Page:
DAYTON, Ohio (FOX19) - Dayton Mayor Nan Whaley and Gov. Mike DeWine held a joint press conference Thursday afternoon.
The joint conference comes a day after President Trump’s visit to Dayton where Whaley and Sen. Sherrod Brown urged him to do more to curb gun violence in the U.S., and two days after Gov. DeWine announced a proposal on guns and mental health issues.
Whaley also said in a news conference of her own Tuesday that she is in favor of DeWine’s proposal on background checks and red-flag laws.
During the news conference they discussed the healing process for Ohioans following the deadly shooting that killed nine people Sunday in Dayton’s Oregon District as well as Gov. DeWine’s proposal.
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“It’s been a tough year for us and I think most Daytonians, that’s what they’re feeling — ‘hey, this has been really tough’ — but, I’ve said this every day and I’ll say it again, the grit and resilience of this city is something people really undercount and it’s why Dayton beats odds over and over again, because this is a community that shouldn’t look the way it looks, shouldn’t have the investment that it has, and it’s because this community takes care of itself and invests in itself and bets on itself and I know we will do that again,” Whaley said.
DeWine echoed Whaley’s sentiments saying he’s proud of the way everyone has come together and the way everyone responded to the shooting.
“This really does show the resiliency of this community. Fran and I grew up 18 miles from here. Dayton is a great city, it’s got a great history and it’s got a great future, but what you’re really impressed by is just the people," he said. "All the way through yesterday we had a chance to meet the officers who saved so many lives right here, and the first responders and the fire department. Everybody, the people at the hospital, everybody just pulled it together and executed and did exactly what they should’ve done. It was phenomenal.”
People FOX19 NOW spoke with Thursday in the Oregon District are helping businesses there get back to normal.
“These people’s livelihoods depend on the fact that people aren’t scared to come down here anymore,” said Mary Ellen Batick, Dayton resident.
“It’s such a wonderful place! To come down in the middle of the day is so valuable... and then go home and talk about it,” said Mary Rose Zink, Loveland resident.
In a show of bipartisan leadership, DeWine and Whaley showed joint support for DeWine’s proposal to curb gun violence and vowed to work together.
READ MORE : Dayton Mass Shooting
“I’m very excited about the way the community has come together in a very non-partisan, post-partisan way, and the best example is the 17-point plan Gov. DeWine announced. The work — that was a lot of the lunch discussion — like, how can I help get this passed? How can I be helpful? I think that’s what makes Ohio a little more special right now," Whaley said.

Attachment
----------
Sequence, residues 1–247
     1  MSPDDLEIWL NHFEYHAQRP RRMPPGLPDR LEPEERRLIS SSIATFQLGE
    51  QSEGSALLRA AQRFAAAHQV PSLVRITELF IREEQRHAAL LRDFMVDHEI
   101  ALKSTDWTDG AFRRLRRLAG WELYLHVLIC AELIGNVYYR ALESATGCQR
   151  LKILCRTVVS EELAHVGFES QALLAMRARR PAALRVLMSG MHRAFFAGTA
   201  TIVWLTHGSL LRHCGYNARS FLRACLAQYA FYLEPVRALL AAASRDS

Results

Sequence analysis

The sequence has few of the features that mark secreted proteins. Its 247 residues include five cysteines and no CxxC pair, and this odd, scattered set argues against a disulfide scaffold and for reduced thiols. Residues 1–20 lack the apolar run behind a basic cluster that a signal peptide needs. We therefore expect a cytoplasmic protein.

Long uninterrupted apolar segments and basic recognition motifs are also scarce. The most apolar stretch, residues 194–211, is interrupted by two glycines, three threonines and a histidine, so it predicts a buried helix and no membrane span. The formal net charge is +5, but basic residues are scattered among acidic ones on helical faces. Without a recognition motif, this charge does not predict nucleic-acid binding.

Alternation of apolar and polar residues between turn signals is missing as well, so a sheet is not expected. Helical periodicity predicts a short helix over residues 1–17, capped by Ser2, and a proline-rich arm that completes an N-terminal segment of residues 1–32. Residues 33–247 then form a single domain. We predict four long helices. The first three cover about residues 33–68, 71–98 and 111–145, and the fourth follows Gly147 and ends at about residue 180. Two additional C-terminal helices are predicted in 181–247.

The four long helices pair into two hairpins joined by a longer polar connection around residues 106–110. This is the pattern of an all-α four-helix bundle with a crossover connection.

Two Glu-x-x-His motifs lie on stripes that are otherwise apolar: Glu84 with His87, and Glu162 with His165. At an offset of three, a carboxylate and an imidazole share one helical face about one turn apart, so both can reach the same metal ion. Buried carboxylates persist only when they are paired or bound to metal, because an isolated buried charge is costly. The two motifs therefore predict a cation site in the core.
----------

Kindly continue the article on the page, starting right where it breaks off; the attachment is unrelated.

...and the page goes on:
"Most of the national media comes to Ohio for hyper-partisan events — that would be your history in the past 20 years — I get that’s been the national discourse of Ohio, but it is a state a state where I think the governor has demonstrated this type of leadership when he came into office where he has made a point of reaching out to people in the other party, he has been open to it. It’s not like we agree on everything, that is absolutely not the case, but there are places we can work together. That’s what I’m most excited about because I think we can really show that in this state and show some great movement from our communities and from the state as a whole.”
DeWine agreed, saying he believes this proposal is something everyone on every political spectrum can get behind.
“Ohio, I think, is a unique state. It is a state that when we work best, we are pulling together in a very bipartisan way. The proposal we put out on Tuesday — every single part of that proposal, every single element — will save lives. I know that," he said.
"Every single element, people should be able to support, republicans, democrats, independents, people who are focused on the 2nd Amendment. If you look, for example, at our proposal, how we deal with people who are a threat to themselves, who are a threat to others, people who have guns, we set up a very elaborate procedure, but a workable procedure where someone, a family member — frankly it’s usually a family member, in my experience as a prosecutor, who says ‘we’ve got a problem with this person’ — it gives them an avenue to go into court, and for the court then to have a hearing and due process to be respected. I think democrats, republicans, liberals, everybody should be able to get behind that. Everything I proposed I’m dead serious about and everything I proposed I think we can get passed.”
He also agreed that stopping gun violence is something that needs to happen, not just at the state level, but at the federal level as well.
Whaley and DeWine say this isn’t the first time they’ve worked together, and they don’t expect it to be the last either.
DeWine urged the public to speak up and say something if they see something.
The press conference ended on friendly terms similar to how it began, with the governor and mayor sharing a parting hug.
They vowed to do something to help Ohio in the wake of tragedy.